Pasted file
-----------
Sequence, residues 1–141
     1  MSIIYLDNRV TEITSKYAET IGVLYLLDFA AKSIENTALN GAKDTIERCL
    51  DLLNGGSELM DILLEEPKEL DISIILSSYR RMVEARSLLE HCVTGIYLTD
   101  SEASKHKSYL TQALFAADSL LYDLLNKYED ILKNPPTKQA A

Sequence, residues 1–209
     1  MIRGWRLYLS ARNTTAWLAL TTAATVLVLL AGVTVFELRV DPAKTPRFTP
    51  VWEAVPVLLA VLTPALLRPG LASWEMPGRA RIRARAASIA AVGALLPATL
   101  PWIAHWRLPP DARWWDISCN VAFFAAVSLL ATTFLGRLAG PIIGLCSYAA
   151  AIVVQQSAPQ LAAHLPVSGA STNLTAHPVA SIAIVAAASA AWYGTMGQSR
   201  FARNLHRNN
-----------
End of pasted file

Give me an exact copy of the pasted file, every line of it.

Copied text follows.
Sequence, residues 1–141
     1  MSIIYLDNRV TEITSKYAET IGVLYLLDFA AKSIENTALN GAKDTIERCL
    51  DLLNGGSELM DILLEEPKEL DISIILSSYR RMVEARSLLE HCVTGIYLTD
   101  SEASKHKSYL TQALFAADSL LYDLLNKYED ILKNPPTKQA A

Sequence, residues 1–209
     1  MIRGWRLYLS ARNTTAWLAL TTAATVLVLL AGVTVFELRV DPAKTPRFTP
    51  VWEAVPVLLA VLTPALLRPG LASWEMPGRA RIRARAASIA AVGALLPATL
   101  PWIAHWRLPP DARWWDISCN VAFFAAVSLL ATTFLGRLAG PIIGLCSYAA
   151  AIVVQQSAPQ LAAHLPVSGA STNLTAHPVA SIAIVAAASA AWYGTMGQSR
   201  FARNLHRNN